In a subsequent recording, the captain stated: "I saw it. I was sure we would be okay. I was sure it was out of range." The first officer then said that he had never seen the crane. He also noted that there was no announcement about the crane on the ground control frequency, and in his final statement on the transcript, asked: "How come I didn't see it, if it was there?"
During a Port Authority police interview, the captain stated that he did not see any markings on the ground to aid in ensuring obstruction clearance, nor did he see a signalman. According to Korean authorities, the captain also reported that he saw another individual, who looked like a construction worker, and who was standing between the crane and the taxiway. The captain thought that the clearance between the airplane and the crane was assured because the worker did not signal otherwise.
In other police interviews, one construction worker stated that he saw the airplane as it proceeded along the taxiway, and thought it wasn't going to clear the crane. He looked at the cockpit of the airplane, but then "figured they thought they would miss the crane." Another worker stated that he tried to signal the airplane, but within 2 to 3 seconds, the airplane hit the crane. The driver of the flatbed truck reported that he saw an on-site private security guard start waving at the airplane, 20 to 30 feet before it got to the flatbed truck. The security guard stated, "I put my hand up to stop the plane, but the pilot did not see me. When he saw, he waved his hand, but after a few seconds, [the] plane hit the crane...."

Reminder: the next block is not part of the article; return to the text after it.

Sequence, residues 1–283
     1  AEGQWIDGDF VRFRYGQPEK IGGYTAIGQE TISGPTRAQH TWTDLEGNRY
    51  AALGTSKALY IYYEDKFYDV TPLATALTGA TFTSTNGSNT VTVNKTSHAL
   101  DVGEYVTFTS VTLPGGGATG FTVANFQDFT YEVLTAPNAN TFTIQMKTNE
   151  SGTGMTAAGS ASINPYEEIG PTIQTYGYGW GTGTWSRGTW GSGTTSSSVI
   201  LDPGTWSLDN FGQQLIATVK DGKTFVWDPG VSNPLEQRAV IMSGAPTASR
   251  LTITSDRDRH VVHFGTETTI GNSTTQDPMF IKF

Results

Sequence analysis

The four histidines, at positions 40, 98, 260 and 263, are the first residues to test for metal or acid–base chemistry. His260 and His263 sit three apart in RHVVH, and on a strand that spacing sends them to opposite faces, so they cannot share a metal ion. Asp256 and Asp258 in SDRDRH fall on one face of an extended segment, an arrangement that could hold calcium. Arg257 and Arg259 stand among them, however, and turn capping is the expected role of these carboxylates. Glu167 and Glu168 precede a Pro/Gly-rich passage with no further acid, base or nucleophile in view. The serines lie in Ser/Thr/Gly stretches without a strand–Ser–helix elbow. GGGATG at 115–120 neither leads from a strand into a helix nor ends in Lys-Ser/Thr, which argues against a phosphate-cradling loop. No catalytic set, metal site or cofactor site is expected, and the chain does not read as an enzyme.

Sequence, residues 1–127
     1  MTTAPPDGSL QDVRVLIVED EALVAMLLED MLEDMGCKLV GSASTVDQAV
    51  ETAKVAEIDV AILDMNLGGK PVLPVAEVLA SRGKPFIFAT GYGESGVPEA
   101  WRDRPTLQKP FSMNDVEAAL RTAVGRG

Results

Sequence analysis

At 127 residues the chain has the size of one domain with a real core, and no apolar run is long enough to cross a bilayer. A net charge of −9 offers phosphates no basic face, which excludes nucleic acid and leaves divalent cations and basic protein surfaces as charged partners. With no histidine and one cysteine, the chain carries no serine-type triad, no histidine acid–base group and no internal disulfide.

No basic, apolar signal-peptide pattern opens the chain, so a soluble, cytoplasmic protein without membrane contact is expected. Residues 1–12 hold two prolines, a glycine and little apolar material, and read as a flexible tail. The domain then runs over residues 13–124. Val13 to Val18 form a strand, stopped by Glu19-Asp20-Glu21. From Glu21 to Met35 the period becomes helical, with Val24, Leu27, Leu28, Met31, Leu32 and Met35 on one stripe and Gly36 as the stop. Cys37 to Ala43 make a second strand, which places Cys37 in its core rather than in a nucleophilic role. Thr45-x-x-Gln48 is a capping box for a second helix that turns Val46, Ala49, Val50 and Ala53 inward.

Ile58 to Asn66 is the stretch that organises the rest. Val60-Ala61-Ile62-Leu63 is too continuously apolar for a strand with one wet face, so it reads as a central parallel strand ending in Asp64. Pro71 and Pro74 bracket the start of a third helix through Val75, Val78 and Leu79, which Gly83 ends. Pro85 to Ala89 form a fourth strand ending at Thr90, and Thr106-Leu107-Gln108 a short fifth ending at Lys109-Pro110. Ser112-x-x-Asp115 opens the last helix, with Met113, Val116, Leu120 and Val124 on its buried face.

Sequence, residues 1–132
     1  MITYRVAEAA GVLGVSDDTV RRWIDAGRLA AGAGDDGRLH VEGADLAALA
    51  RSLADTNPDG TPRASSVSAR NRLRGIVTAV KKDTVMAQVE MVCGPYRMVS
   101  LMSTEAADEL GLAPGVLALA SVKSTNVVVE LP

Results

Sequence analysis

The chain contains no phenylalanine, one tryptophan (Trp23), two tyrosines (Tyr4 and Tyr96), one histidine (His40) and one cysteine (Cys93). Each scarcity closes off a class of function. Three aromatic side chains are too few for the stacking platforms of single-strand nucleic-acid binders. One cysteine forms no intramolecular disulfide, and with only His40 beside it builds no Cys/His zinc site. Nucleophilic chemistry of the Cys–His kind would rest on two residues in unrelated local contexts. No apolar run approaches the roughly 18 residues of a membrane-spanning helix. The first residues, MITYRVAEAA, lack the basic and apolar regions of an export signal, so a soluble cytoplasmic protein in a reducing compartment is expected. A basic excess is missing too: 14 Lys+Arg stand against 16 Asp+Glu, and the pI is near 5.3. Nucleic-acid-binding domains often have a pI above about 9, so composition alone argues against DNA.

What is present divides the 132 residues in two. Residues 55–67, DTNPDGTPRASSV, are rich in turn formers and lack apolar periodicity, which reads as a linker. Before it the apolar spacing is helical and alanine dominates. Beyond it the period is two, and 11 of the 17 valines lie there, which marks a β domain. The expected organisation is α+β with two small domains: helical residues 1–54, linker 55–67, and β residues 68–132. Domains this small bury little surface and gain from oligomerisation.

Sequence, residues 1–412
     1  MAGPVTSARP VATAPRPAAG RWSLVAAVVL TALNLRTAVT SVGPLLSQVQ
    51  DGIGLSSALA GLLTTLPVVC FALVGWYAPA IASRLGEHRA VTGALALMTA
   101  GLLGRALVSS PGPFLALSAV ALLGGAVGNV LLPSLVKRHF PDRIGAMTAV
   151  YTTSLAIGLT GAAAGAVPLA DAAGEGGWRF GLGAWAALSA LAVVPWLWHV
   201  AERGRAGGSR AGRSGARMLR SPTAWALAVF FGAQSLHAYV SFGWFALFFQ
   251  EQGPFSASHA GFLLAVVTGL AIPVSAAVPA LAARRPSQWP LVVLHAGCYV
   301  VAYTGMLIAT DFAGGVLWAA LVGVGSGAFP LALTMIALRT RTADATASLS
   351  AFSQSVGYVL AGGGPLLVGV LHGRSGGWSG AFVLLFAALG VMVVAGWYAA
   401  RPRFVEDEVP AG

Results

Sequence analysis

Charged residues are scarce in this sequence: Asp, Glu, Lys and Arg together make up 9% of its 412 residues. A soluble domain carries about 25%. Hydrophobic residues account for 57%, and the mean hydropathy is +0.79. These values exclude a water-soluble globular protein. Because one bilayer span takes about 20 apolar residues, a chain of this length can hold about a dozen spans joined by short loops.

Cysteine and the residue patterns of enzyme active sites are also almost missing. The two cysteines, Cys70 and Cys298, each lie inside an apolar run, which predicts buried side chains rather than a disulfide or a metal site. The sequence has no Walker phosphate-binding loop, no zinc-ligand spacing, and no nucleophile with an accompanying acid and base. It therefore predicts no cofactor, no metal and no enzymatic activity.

When asked by an FAA Inspector to demonstrate the signal used, the security guard demonstrated a "slow down" signal. A supervisor for the security company stated that his employees were not trained in how to signal an aircraft to stop in an emergency, "because the airport authority did not have a requirement" for it.
Chapter 11 of the Airport Certification Manual for the airport described procedures for maintaining safety areas. It stated: "The temporary objects which could be struck by an aircraft, including other aircraft not under power and vehicles, within "clear areas" associated with runways and taxiways, will be NOTAMed." It also stated that a wingtip "Obstacle Free Zone" distance from "any operational taxiway used by air carrier aircraft to any parked aircraft, vehicles or similar object is normally maintained at no less than 130 feet."
Chapter 24 of the Airport Certification Manual for the airport required that the Airport Duty Manager or his designee approve, mark and light construction and maintenance areas. It also stated that all temporary objects which could be struck by an aircraft, including vehicles within "clear areas," would be reported. In the case of taxiways, all temporary objects within 130 feet of an active taxiway would also be reported. Reported information would be disseminated through various means, including bulletins, notification to the control tower, and the issuance of NOTAMs.
Chapter 25 of the Airport Certification Manual for the airport stated that, "All construction work and contractor activities within aeronautical areas are closely monitored by the Resident Engineer and the Operations Airport Duty Manager or designee." It also stated: "Construction sites are continually inspected by the Construction Supervisor or his staff during the work period and checked daily by the Airport Duty Manager."